Seghers collaborated with a number of other artists in these works, including
These observations are made by Ildiko Ember in Delights for the Senses: Dutch and Flemish Still-Life Paintings from Budapest (Wausau, WI, 1989), 66.
Seghers’ innovation was widely emulated in Flemish art. Paintings of flowers and fruits surrounding illusionistically painted sculptures and religious scenes were executed by a number of Flemish artists, among them Joris van Son (1623–1667), Jan Pauwels Gillemans I (1618–c. 1675), Frans Ykens (1613–c. 1679), and, most significantly in this context, Mignon’s teacher,
For an assessment of the symbolic relationships of a number of these paintings, see Symbolique & botanique: le sens caché des fleurs dans la peinture au XVIIe siècle (Caen, 1987).
See Sam Segal and Liesbeth M. Helmus, Jan Davidsz. de Heem en zijn kring (Utrecht, 1991), no. 27, 177–180. In this painting from the National Gallery of Ireland, Dublin, signed and dated 1653, a crucifix and a skull rest in the niche from which hangs a garland of fruit. Segal analyzes extensively the symbolic associations of the fruit.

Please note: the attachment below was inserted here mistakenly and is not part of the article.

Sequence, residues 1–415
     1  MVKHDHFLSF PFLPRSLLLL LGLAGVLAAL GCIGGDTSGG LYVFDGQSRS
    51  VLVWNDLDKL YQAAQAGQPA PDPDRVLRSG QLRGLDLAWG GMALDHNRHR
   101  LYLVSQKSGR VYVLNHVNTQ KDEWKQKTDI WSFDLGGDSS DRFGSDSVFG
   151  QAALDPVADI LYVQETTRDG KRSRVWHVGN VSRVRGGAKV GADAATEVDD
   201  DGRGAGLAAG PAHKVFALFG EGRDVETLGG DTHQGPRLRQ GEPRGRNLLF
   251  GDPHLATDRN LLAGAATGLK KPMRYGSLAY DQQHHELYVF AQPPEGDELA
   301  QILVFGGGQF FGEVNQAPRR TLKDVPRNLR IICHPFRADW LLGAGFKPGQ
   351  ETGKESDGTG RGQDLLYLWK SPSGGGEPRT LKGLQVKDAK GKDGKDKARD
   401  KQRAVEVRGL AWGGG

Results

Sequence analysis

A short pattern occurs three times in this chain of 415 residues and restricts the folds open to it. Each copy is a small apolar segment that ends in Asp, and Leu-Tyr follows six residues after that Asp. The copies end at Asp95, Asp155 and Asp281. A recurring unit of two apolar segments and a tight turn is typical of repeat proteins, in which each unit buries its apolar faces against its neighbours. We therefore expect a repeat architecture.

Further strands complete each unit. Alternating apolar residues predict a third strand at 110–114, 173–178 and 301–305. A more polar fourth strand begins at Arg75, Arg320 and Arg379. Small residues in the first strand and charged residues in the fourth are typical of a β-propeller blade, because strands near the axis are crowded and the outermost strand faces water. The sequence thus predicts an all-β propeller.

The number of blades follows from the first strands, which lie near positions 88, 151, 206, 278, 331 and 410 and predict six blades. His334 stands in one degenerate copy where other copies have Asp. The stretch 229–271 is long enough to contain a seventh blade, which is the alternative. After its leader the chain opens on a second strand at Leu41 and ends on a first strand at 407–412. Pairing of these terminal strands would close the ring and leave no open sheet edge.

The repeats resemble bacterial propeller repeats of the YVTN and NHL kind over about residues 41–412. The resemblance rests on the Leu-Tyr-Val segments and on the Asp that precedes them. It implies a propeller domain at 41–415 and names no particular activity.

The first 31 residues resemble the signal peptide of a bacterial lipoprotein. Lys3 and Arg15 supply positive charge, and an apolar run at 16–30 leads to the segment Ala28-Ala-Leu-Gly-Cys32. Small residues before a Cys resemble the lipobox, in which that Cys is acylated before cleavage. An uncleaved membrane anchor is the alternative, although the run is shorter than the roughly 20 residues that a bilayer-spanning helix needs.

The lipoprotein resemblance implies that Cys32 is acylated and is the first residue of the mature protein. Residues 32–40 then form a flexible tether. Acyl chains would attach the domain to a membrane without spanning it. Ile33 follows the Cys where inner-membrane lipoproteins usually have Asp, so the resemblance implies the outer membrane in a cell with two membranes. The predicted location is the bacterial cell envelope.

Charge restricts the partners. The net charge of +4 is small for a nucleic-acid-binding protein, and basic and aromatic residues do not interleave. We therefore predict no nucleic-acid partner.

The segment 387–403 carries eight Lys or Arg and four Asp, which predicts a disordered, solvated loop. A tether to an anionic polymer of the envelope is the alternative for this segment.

See Sam Segal and Liesbeth M. Helmus, Jan Davidsz. de Heem en zijn kring (Utrecht, 1991), no. 23, 171–172. According to Segal, De Heem painted more than ten such paintings. One of these is dated 1675. In 1669, however, Cosimo de’ Medici acquired such a garland painting, which hangs today in the Palazzo Pitti, Florence.
In this painting, Mignon has removed even those vague references to the origins of this pictorial genre that remained in De Heem’s garland paintings. A Hanging Bouquet of Flowers lacks any reference to the central devotional character of Seghers’ paintings, and all references to a niche have been eliminated as well. The blue ribbon that holds the festoon is all that remains from the earlier tradition. Despite this adaptation in the character of the motif, the strong relationship of this work with De Heem’s paintings suggests that Mignon probably executed it in the late 1660s, shortly after he left De Heem’s workshop.